Journal Article

The Solar system’s post‐main‐sequence escape boundary

Dimitri Veras and Mark C. Wyatt

in Monthly Notices of the Royal Astronomical Society

Published on behalf of The Royal Astronomical Society

Volume 421, issue 4, pages 2969-2981
Published in print April 2012 | ISSN: 0035-8711
Published online April 2012 | e-ISSN: 1365-2966 | DOI: http://dx.doi.org/10.1111/j.1365-2966.2012.20522.x
The Solar system’s post‐main‐sequence escape boundary

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The Sun will eventually lose about half of its current mass non‐linearly over several phases of post‐main‐sequence evolution. This mass loss will cause any surviving orbiting body to increase its semimajor axis and perhaps vary its eccentricity. Here, we use a range of solar models spanning plausible evolutionary sequences and assume isotropic mass loss to assess the possibility of escape from the Solar system. We find that the critical semimajor axis in the Solar system within which an orbiting body is guaranteed to remain bound to the dying Sun due to perturbations from stellar mass loss alone is ≈103–104 au. The fate of objects near or beyond this critical semimajor axis, such as the Oort Cloud, outer scattered disc and specific bodies such as Sedna, will significantly depend on their locations along their orbits when the Sun turns off the main sequence. These results are applicable to any exoplanetary system containing a single star with a mass, metallicity and age which are approximately equal to the Sun’s, and suggest that few extrasolar Oort Clouds could survive post‐main‐sequence evolution intact.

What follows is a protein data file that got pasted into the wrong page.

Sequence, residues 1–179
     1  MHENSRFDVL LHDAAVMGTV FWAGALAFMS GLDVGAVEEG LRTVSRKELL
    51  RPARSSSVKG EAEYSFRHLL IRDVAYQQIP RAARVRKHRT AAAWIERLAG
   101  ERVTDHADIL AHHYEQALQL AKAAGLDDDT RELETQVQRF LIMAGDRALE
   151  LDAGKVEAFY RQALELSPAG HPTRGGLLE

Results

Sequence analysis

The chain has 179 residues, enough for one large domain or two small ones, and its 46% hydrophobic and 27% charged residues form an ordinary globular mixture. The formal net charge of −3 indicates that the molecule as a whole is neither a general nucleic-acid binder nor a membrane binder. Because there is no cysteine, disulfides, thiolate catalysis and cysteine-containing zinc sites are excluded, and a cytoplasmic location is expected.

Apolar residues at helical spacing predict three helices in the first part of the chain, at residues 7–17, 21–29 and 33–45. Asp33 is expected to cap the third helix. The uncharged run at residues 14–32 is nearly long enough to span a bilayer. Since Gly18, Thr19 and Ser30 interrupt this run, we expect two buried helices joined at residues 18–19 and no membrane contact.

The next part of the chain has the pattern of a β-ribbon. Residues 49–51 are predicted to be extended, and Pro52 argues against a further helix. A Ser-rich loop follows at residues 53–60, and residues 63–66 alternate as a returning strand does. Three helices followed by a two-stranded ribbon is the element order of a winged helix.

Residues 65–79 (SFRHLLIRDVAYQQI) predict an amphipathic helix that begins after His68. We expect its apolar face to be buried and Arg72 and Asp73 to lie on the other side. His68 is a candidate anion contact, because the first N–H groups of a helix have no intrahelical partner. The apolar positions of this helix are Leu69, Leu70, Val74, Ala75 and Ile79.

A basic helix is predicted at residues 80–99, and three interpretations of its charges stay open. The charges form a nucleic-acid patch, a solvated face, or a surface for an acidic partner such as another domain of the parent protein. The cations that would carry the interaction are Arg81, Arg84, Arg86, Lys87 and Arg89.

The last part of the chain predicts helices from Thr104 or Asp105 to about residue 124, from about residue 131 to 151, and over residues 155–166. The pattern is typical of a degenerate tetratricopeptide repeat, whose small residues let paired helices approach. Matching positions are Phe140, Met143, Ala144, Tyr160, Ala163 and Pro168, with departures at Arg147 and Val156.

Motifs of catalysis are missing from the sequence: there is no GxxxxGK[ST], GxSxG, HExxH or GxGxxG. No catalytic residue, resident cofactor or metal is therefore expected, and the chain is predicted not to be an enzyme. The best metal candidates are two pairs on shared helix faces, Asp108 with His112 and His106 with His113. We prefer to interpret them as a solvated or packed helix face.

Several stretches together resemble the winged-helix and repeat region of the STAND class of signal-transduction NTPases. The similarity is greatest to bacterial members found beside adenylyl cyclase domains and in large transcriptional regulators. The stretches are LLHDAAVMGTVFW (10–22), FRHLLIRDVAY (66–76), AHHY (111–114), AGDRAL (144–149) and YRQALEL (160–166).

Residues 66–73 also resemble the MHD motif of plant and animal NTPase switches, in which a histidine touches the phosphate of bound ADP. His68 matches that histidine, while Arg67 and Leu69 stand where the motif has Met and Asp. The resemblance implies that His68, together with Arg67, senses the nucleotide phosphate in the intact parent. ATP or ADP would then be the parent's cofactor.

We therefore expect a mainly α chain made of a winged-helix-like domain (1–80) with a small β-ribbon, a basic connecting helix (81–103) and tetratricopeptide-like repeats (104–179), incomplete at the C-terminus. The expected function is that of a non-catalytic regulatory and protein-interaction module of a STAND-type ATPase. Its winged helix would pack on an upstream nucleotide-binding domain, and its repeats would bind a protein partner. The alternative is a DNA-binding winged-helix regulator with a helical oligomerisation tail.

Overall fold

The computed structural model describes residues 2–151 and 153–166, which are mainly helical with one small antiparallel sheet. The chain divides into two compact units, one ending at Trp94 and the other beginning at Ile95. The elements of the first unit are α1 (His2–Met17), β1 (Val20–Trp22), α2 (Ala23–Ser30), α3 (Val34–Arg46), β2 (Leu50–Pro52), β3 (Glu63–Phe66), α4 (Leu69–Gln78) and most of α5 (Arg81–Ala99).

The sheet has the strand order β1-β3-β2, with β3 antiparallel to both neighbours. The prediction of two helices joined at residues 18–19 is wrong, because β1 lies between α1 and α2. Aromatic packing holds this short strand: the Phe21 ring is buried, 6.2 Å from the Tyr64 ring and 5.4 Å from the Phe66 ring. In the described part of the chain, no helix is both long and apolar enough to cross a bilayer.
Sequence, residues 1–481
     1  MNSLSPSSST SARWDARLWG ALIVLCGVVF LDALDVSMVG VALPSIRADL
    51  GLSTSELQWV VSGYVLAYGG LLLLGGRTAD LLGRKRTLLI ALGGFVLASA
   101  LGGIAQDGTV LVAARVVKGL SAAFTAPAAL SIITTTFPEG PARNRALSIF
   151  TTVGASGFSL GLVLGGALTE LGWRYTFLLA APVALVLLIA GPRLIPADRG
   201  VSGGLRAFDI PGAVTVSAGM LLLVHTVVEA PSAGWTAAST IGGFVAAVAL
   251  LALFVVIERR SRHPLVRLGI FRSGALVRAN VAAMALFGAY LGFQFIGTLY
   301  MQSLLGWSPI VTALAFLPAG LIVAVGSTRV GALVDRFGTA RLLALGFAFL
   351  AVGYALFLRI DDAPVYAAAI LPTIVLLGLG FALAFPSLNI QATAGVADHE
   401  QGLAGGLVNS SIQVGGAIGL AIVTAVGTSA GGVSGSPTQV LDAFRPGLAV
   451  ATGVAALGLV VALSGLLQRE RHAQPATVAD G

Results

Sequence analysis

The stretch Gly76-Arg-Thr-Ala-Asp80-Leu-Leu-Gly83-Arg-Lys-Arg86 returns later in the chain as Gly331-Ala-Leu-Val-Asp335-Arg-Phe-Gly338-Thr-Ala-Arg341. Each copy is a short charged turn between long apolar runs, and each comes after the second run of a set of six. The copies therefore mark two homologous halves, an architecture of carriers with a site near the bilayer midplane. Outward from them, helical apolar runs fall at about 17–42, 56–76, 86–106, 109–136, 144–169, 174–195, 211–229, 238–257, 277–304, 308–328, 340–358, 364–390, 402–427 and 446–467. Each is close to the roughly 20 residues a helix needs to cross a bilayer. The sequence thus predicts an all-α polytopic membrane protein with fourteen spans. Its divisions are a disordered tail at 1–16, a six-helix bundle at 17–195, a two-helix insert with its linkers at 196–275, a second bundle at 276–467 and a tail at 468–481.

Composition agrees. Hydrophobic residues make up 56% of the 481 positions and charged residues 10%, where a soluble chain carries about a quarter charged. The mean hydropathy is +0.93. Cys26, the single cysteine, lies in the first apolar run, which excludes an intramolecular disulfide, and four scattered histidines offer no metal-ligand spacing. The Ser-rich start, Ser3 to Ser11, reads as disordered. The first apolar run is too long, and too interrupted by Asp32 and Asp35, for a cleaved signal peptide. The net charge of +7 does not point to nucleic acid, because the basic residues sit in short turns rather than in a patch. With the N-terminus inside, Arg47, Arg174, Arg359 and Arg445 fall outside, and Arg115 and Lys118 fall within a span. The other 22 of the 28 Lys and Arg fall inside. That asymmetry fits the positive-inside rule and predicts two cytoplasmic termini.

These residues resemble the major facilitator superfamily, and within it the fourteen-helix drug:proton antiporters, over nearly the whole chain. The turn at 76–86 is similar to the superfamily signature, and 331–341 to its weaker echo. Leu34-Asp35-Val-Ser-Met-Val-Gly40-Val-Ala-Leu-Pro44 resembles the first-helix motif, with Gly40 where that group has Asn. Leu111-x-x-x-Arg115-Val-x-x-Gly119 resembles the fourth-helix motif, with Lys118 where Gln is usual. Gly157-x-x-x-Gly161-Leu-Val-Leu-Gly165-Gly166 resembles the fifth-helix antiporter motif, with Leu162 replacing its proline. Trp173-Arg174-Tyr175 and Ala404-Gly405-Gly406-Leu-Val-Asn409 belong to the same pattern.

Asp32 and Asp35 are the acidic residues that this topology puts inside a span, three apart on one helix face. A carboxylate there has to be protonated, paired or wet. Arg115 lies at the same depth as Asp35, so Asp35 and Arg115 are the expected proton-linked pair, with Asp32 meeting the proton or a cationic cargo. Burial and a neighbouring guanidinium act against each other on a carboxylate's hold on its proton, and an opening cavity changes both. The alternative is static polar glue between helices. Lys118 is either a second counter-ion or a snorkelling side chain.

Keywords: minor planets, asteroids: general; Oort Cloud; planets and satellites: dynamical evolution and stability; planet–star interactions; stars: AGB and post‐AGB; stars: evolution

Journal Article.  9323 words.  Illustrated.

Subjects: Astronomy and Astrophysics

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